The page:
Center on Budget and Policy Priorities Statement: October 5, 2012
For Immediate Release
About the September Jobs Report
Job growth was weak in September but the unemployment rate dropped below 8 percent.
- Private and government payrolls combined rose by 114,000 jobs in September. Private employers added 104,000 jobs, while government employment rose by 10,000 — a reversal of the pattern so far in this recovery in which government job losses have been a drag on job creation. Federal employment rose by 4,000 jobs and state government employment rose by 13,000, but local government employment fell by 7,000.
- This is the 31st straight month of private-sector job creation, with payrolls growing by 4.7 million jobs (a pace of 152,000 jobs a month) since February 2010; total nonfarm employment (private plus government jobs) has grown by 4.3 million jobs over the same period, or 137,000 a month. Total government jobs fell by 470,000 over this period, dominated by a loss of 336,000 local government jobs. Government employment in July and August was revised upward in today’s report.
- Despite the 31 months of private-sector job growth, there were still 4.5 million fewer jobs on nonfarm payrolls and 4.1 million fewer jobs on private payrolls in September than when the recession began in December 2007. Job growth averaged 146,000 jobs a month in the past three months — an improvement over the previous three but still not the 200,000 to 300,000 jobs a month that would mark a robust jobs recovery.
- The unemployment rate dropped from 8.1 to 7.8 percent in September, and the number of unemployed Americans fell to 12.1 million. The unemployment rate was 7.0 percent for whites (2.6 percentage points higher than at the start of the recession), 13.4 percent for African Americans (4.4 percentage points higher than at the start of the recession), and 9.9 percent for Hispanics or Latinos (3.6 percentage points higher than at the start of the recession).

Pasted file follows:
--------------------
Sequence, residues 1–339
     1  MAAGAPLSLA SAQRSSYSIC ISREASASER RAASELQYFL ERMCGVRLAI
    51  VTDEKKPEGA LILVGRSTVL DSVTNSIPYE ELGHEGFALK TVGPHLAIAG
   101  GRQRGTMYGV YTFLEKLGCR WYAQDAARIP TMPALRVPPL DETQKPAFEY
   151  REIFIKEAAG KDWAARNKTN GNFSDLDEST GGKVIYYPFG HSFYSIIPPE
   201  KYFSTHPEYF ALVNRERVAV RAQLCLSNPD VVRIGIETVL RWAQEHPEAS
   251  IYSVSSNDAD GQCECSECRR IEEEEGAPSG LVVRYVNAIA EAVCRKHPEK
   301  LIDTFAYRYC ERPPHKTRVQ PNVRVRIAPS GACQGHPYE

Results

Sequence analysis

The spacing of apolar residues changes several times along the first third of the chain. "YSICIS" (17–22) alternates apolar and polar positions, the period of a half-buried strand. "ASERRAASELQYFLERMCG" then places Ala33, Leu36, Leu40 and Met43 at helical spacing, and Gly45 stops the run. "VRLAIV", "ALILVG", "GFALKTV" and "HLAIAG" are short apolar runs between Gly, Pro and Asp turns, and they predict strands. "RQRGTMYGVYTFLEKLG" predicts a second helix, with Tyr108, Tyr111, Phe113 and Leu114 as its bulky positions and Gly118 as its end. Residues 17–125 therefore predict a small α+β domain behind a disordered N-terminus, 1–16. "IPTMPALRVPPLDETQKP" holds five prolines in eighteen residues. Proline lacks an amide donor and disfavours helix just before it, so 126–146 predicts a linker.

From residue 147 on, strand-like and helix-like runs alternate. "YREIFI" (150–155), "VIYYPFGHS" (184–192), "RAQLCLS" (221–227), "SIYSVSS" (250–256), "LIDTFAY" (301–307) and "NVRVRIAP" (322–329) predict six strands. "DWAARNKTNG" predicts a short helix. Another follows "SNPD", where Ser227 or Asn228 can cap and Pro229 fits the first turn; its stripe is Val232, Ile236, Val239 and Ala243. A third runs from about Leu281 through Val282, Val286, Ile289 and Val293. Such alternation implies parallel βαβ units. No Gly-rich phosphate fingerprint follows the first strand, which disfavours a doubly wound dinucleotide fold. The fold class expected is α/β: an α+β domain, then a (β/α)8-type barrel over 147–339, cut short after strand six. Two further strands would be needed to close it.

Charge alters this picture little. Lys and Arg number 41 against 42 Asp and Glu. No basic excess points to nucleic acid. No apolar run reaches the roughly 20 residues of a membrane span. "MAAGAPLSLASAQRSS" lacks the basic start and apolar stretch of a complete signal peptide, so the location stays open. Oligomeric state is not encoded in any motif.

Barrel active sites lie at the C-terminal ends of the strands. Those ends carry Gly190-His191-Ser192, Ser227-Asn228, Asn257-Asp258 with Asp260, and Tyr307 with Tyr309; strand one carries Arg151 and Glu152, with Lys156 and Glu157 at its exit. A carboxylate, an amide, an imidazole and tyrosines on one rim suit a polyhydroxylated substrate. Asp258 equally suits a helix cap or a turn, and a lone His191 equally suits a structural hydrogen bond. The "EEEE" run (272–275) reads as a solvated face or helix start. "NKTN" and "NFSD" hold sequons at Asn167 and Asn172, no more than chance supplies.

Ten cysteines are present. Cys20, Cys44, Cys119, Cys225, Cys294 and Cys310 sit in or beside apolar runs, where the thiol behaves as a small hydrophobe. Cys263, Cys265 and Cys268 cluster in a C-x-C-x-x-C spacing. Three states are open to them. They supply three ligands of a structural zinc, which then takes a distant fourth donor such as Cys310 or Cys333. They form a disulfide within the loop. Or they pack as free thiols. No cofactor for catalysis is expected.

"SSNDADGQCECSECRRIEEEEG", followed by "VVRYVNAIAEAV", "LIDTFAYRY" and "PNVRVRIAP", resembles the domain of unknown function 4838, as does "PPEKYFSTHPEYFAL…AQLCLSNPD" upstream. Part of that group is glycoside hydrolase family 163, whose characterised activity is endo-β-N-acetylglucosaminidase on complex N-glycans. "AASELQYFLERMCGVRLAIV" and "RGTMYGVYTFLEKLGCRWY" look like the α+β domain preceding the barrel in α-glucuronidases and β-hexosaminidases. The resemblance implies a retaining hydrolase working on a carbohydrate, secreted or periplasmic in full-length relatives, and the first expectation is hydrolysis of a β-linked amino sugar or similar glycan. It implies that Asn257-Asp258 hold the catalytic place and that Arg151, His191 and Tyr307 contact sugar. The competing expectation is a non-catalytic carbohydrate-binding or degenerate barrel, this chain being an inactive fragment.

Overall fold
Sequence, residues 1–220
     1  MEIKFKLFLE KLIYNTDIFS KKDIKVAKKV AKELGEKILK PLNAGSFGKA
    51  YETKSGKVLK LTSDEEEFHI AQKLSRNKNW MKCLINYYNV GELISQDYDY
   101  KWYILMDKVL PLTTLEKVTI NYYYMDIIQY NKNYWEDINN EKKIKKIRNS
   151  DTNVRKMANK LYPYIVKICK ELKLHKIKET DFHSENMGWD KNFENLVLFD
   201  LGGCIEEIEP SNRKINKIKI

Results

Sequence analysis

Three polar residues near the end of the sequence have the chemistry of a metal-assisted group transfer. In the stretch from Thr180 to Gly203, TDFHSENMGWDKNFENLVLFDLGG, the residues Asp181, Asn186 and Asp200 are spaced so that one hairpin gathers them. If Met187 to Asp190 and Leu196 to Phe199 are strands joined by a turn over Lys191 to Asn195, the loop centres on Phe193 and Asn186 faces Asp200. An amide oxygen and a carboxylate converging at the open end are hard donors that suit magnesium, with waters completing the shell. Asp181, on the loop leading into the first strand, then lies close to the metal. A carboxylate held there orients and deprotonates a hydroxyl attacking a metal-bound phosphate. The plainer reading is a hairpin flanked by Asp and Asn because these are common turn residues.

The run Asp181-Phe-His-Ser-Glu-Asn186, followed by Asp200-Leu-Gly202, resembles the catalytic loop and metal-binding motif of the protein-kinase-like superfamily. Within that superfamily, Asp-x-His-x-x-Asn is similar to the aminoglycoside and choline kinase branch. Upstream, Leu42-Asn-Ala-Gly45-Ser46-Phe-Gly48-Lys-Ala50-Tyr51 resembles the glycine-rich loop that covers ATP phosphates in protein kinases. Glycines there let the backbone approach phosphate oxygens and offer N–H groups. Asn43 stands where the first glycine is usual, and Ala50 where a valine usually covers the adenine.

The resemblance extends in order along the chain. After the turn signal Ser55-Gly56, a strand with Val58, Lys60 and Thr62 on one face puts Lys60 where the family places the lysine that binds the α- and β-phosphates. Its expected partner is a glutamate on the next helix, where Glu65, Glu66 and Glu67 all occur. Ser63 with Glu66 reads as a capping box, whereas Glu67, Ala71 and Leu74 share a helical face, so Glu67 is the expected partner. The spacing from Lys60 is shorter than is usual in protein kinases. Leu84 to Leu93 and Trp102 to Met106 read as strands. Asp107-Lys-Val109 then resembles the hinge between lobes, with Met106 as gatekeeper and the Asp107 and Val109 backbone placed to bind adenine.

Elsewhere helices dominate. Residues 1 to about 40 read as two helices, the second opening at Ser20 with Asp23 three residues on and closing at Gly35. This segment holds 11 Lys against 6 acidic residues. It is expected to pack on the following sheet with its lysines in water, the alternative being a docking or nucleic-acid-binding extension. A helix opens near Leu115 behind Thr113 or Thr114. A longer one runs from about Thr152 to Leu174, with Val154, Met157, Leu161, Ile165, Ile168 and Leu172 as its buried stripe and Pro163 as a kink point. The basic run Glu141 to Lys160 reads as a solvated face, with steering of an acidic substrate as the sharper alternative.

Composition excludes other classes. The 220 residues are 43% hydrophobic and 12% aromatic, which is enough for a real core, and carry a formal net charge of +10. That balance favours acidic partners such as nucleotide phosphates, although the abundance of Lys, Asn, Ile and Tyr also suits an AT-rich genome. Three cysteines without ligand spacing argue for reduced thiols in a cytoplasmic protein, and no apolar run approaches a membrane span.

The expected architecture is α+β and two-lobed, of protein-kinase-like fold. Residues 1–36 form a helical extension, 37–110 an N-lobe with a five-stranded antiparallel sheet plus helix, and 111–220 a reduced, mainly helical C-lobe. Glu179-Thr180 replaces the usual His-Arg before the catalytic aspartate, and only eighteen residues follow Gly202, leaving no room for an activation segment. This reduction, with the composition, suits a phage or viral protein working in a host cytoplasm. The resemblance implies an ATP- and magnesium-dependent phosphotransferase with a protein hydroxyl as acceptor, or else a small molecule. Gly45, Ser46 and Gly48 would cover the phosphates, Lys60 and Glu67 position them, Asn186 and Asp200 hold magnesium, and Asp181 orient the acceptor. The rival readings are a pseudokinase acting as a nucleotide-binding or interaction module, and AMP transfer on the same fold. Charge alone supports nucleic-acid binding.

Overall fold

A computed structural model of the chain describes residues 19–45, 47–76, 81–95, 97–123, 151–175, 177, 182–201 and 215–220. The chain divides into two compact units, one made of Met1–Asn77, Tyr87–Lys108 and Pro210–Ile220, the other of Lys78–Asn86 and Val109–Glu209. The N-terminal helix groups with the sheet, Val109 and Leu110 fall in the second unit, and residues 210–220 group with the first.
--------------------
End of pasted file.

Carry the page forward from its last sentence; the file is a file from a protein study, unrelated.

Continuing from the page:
- The recession and lack of job opportunities drove many people out of the labor force, and we have yet to see a sustained return to labor force participation (people aged 16 and over working or actively looking for work) that would mark a strong jobs recovery. Today’s report, however, was encouraging on this front. The labor force grew by 418,000 in September; the number of people with a job rose by 873,000, and the number of unemployed workers fell by 456,000. (These numbers come from a different survey, which shows more month-to-month volatility than the payroll job growth numbers.)
- The labor force participation rate (the percentage of people aged 16 and over working or looking for work) edged up to 63.6 percent in September. Prior to recent months, labor force participation had not been this low since the early 1980s.
- The share of the population with a job, which plummeted in the recession from 62.7 percent in December 2007 to levels last seen in the mid-1980s and has remained below 60 percent since early 2009, rose to 58.7 percent in September.
- The Labor Department’s most comprehensive alternative unemployment rate measure — which includes people who want to work but are discouraged from looking (those marginally attached to the labor force) and people working part time because they can’t find full-time jobs — was 14.7 percent in September. That’s down from its all-time high of 17.2 percent in October 2009 in data that go back to 1994, but still 5.9 percentage points higher than at the start of the recession. By that measure, roughly 23 million people are unemployed or underemployed.
- As discussed, long-term unemployment remains a significant concern. Two-fifths (40.1 percent) of the 12.1 million people who are unemployed — 4.8 million people — have been looking for work for 27 weeks or longer. These long-term unemployed represent 3.1 percent of the labor force. Before this recession, the previous highs for these statistics over the past six decades were 26.0 percent and 2.6 percent, respectively, in June 1983.